WHAT A GIRL WANTS (2003) REVIEW
Regardless of being part of the millennium era of filmmaking, some films earn their place as a “classic.” What a Girl Wants is one such film (for me). Though it’s been many years since it came out (it released in the middle of my teen years making any re-watch of this a trip down memory lane), What a Girl Wants has resolutely weathered the storm. Some of the movies I once loved I’ve since grown out of; this isn’t one of them. What a Girl Wants has a staying power akin to that of The Princess Diaries. Fortunately, that’s not the only similarities to be drawn between these two films.
RELATED | Top 16 Movies With Colin Firth As the Romantic Leading Man
What a Girl Wants introduces us to 17-year-old Daphne Reynolds (Amanda Bynes), a native New Yorker who grew up in Chinatown. Since she was born, it’s always been Daphne and her mom, Libby (Kelly Preston), a childhood Daphne has documented through a collection of photos. But that doesn’t mean Daphne has stopped dreaming of the day her father (growing up she repeatedly heard the romantic story of how her parents met) might find her. Daphne somehow believes that if she meets her father, she will finally know who she is.
This inspires her to travel to England where she finally meets her father, Lord Henry Dashwood (Colin Firth). An important member not only of a proud British family but also parliament. Henry is in the midst of a political campaign and planning a wedding when the daughter he never knew he had shows up. Further complicating the already awkward situation is Henry’s fiancée, Glynnis (Anna Chancellor), her daughter, Clarissa (Christina Cole), and Henry’s mother, Jocelyn Dashwood (Eileen Atkins).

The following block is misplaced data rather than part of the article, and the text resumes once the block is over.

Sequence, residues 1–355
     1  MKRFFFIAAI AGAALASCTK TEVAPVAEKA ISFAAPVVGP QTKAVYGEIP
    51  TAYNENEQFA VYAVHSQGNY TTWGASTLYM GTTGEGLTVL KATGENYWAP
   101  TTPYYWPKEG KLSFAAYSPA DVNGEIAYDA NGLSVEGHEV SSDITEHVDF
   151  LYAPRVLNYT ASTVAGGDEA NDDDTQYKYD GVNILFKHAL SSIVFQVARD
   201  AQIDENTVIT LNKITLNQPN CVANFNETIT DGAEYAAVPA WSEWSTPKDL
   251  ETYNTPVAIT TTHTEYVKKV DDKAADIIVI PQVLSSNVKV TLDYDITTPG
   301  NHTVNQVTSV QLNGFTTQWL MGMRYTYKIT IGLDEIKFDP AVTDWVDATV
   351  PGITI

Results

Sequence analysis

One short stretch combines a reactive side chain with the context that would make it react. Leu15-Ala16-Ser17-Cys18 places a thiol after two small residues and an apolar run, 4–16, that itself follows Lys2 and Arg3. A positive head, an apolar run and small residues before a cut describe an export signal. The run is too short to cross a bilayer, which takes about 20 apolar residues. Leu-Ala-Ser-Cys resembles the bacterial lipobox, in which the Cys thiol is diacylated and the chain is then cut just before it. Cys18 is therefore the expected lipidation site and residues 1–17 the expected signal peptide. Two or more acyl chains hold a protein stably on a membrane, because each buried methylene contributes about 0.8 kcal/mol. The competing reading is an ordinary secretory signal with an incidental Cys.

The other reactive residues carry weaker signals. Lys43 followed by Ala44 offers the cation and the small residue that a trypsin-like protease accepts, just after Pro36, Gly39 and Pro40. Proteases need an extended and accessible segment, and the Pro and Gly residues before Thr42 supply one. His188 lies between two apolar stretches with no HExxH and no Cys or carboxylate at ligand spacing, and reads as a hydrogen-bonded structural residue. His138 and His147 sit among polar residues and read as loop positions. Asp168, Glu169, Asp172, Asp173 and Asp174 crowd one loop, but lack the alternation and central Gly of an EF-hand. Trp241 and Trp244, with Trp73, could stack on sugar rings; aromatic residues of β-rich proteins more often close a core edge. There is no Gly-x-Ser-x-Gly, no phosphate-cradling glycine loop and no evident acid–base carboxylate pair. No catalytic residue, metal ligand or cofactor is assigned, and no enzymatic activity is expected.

Every once in a while, as a movie buff, I run across films that become something of a juxtaposed blend of equal parts emotionally affecting and comedic. It’s these that remain with the viewer the longest. Classic charm, a witty script, and a talented cast effortlessly endears What a Girl Wants. Despite being a “teen comedy,” this film is comedy gold. It’s the kind of film you can just as easily watch with a group of your best friends as your mother. From the performances to the story itself, everything shines. I could talk about every angle, and probably not leave with a criticism or at least not any that were worth mentioning.
The star-studded cast doesn’t hinder this one in the least. From the veteran Eileen Atkins (Upstairs, Downstairs) to Christina Cole (who is no stranger to playing the “mean girl”) and Oliver James (playing the prerequisite love interest), there’s not a weak link to be found. For costume drama aficionados, you’ll find it hilarious to see Anna Chancellor and Colin Firth play off of each other (and her epic failure to snag him) again after seeing them as Caroline Bingley and Mr. Darcy in the A&E miniseries Pride and Prejudice years earlier. The real shining star though is the relationship between Daphne and her father, Henry. The desire Daphne has to know her father is lovely and of course, the awkward way Firth plays Henry’s reaction to this bombshell is perfect.